Furst v. DeFrances

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Justia Opinion Summary

The Supreme Court approved the decision of the Second District Court of Appeal invalidating the decision of a property appraiser assessing back taxes after discovering his purported clerical error in undervaluing and undertaxing a taxpayer's property, holding that the district court did not err.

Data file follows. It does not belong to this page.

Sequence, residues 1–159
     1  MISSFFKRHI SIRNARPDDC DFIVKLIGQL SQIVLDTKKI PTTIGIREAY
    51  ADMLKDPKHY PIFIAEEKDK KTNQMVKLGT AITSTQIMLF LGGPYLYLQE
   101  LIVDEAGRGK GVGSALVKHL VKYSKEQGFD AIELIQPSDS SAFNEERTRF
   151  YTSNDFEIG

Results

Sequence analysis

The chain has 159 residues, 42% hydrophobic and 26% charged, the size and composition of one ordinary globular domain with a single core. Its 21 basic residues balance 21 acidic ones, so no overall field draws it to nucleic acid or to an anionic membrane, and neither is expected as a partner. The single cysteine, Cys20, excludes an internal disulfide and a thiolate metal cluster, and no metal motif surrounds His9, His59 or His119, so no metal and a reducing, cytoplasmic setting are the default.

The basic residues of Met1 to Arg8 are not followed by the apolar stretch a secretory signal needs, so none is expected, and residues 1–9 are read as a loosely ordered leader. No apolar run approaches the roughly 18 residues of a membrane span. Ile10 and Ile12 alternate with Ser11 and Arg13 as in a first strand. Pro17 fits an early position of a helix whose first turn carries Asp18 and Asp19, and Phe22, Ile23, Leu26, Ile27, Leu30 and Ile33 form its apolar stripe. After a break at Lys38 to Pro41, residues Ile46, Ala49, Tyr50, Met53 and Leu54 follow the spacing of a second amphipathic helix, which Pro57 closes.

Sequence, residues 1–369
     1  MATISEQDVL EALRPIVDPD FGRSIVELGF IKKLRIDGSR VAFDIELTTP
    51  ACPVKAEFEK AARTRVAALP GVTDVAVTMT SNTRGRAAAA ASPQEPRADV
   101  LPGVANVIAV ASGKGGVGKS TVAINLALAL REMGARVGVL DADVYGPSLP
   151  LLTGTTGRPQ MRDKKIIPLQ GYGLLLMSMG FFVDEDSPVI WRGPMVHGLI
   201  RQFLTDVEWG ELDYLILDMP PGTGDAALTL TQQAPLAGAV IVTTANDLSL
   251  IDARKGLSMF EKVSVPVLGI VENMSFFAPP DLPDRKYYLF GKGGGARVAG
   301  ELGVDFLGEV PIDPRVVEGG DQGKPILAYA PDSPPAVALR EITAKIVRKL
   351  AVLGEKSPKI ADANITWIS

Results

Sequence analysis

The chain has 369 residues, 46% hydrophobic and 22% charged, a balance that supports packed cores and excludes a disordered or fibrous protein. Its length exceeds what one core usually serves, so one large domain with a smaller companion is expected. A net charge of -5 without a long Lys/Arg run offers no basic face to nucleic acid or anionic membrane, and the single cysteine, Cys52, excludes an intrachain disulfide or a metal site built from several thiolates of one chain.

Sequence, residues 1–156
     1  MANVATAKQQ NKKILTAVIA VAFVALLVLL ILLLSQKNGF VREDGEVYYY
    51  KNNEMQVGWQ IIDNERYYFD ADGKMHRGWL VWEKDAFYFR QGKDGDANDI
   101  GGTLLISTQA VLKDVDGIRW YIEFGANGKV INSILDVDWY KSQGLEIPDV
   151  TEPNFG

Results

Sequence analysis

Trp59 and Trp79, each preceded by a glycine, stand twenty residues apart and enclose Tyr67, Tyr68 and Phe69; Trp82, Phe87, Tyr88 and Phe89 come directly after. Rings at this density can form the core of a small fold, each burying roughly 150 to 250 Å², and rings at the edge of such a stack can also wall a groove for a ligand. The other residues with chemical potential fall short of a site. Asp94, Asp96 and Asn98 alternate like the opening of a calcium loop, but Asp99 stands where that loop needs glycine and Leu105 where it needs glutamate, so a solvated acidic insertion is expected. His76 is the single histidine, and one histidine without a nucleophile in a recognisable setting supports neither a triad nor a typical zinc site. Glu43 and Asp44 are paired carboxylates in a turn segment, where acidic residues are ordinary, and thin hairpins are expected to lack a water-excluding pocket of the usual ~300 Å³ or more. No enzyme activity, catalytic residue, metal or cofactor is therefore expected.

After discovering valuation errors, the property appraiser reassessed the taxpayer's property and sent her a bill for back taxes. The taxpayer brought this action to obtain aa judgment declaring the invalidity of the back-assessment. The trial court ruled against the taxpayer. The Second District reversed, concluding that the property had not "escaped taxation," which is a prerequisite for a property appraiser's authority to assess back taxes under Fla. Stat. 193.092(1). The Supreme Court affirmed, holding that section 193.092(1) did not give the property appraiser authority to back-assess the taxpayer's property.